And if there is another C note at the end then it must follow that all the other notes can also be placed beyond it as octave repeats of those already seen.
C, D, E, F, G, A, B, C, D, E, F, G, A, B

The chain is theoretically endless. A grand piano with 88 keys spans seven whole octaves plus some extra notes. Many more than a guitar. A 22 fret guitar spans three whole octaves plus some extra notes. But it would be a Herculean task to learn any particular scale across the entire fretboard all in one big chunk. So scales are taught and learned and represented diagrammatically as patterns that span just a few frets - usually three or four frets, occasionally five.
The scale that you are learning spans from open strings to the 3rd fret and can use notes from all six strings. Look at the pic:
image
Notice that only the notes C, D, E, F, G, A and B are showing - because the C major scale is made up from these notes only. Each and every occurence of those notes from open strings to fret 3 are shown within this scale pattern. The starting point - to develop a root and to train your ear to hear the scale and its interval sounds properly - is always the root note. You ascend to the highest available note in the pattern and then descend back down through the pattern again. Playing up / down can become a cyclical practice exercise.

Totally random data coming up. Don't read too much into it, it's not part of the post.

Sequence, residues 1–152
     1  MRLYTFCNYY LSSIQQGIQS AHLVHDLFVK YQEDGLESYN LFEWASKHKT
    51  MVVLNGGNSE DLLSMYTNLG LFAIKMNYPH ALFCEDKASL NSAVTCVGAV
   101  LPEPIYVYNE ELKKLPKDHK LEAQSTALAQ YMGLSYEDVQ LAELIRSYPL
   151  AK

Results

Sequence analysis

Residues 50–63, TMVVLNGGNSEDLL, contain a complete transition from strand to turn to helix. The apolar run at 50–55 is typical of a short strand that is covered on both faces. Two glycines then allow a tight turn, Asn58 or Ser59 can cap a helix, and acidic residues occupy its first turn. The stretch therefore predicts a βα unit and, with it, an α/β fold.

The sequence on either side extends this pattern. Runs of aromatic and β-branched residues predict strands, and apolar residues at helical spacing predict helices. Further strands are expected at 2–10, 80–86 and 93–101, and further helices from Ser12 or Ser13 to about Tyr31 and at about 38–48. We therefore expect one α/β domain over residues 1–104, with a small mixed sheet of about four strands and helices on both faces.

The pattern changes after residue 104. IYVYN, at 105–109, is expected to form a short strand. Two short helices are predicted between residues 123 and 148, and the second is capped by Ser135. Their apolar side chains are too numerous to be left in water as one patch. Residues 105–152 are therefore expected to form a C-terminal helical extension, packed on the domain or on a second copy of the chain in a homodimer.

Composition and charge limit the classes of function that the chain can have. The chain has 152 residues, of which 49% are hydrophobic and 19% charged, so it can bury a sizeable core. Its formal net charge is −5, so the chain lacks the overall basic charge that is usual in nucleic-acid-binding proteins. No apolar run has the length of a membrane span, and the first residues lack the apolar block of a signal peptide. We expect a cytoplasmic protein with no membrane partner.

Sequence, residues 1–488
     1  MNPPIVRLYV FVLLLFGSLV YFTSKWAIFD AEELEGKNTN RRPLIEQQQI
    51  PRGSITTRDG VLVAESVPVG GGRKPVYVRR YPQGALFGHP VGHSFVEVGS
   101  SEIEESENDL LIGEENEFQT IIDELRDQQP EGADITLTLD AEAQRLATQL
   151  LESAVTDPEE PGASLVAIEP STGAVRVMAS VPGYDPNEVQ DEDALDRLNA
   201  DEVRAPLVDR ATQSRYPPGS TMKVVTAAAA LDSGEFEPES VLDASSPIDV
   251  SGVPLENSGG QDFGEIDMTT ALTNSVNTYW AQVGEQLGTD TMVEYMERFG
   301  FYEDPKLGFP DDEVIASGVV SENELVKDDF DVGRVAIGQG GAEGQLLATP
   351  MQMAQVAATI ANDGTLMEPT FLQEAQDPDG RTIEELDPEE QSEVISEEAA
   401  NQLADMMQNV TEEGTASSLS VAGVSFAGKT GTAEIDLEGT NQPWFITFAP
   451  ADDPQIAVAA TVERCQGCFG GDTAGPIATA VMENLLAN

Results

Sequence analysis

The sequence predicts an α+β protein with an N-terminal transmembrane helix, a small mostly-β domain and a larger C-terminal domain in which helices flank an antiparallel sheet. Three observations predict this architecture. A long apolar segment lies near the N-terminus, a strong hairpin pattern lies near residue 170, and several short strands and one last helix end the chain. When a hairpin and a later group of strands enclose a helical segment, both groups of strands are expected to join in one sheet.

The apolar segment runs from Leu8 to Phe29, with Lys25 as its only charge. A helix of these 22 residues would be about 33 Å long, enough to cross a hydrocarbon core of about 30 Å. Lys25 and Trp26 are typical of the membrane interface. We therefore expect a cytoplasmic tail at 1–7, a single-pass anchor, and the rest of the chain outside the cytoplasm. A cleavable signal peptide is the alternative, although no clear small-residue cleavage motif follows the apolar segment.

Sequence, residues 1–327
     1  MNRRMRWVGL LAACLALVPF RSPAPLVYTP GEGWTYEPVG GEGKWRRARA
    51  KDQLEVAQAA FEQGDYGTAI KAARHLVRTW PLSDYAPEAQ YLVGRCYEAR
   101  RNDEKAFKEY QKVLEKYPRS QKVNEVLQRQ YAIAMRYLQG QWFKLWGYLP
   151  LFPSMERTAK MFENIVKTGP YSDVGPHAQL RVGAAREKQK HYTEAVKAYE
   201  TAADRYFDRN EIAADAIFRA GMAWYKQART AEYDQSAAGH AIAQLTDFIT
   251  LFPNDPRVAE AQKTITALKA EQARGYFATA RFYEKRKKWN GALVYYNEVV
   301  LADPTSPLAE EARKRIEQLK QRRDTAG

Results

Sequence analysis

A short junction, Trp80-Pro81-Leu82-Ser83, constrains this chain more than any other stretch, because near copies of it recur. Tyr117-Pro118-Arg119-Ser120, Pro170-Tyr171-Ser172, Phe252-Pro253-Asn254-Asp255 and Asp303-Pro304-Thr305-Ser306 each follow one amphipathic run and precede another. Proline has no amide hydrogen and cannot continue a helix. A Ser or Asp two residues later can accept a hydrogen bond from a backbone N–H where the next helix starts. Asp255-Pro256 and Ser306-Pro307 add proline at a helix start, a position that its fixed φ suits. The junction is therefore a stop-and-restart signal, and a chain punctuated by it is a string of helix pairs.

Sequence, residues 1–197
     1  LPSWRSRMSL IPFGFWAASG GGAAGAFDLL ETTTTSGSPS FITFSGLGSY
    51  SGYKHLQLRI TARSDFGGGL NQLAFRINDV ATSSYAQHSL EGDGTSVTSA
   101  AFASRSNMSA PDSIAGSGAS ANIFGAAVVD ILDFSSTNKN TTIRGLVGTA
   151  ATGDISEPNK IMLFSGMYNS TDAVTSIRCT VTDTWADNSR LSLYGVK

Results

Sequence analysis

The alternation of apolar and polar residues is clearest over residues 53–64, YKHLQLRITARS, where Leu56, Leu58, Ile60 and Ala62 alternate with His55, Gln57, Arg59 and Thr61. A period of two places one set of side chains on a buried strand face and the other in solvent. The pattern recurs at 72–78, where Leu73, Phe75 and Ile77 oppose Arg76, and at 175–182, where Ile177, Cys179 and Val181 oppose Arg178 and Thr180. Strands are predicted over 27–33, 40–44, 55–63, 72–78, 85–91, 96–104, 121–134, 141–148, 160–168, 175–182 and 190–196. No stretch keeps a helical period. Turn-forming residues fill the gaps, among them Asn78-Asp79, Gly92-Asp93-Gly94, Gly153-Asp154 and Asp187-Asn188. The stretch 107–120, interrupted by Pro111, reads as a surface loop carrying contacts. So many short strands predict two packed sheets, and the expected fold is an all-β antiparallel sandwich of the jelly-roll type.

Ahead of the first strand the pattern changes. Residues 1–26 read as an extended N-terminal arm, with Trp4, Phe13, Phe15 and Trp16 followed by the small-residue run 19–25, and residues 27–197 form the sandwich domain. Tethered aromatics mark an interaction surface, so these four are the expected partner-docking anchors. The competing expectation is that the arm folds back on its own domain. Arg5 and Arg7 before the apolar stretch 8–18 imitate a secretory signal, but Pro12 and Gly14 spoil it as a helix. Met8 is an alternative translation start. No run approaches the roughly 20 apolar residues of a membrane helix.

But this pattern stops at the note G on the high e string. There is a note A on fret 5 of the high e string which is in the scale. But reaching for it is to reach beyond this particular scale pattern. And for the moment you are learning an individual pattern. In time, you will learn another pattern and then another and more, and patterns do link together and overlap and become a continuous chain of notes across the fretboard. But that is all ahead.
Hope that helps.
Cheers :blush:
| Richard_close2u | JustinGuitar Official Guide & Moderator

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What’s the differnce between the C-Major scale in this lesson, and the “notes in open position” in module 8?

They are the same notes

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@stitch I started to write a reply explaining open vs 1st position, but I got a bit confused myself.

The lesson Notes In Open Position | JustinGuitar.com starts with the names of the open strings, and then introduces the C major scale (implied, not called by its name) by showing the natural notes in frets 1-3.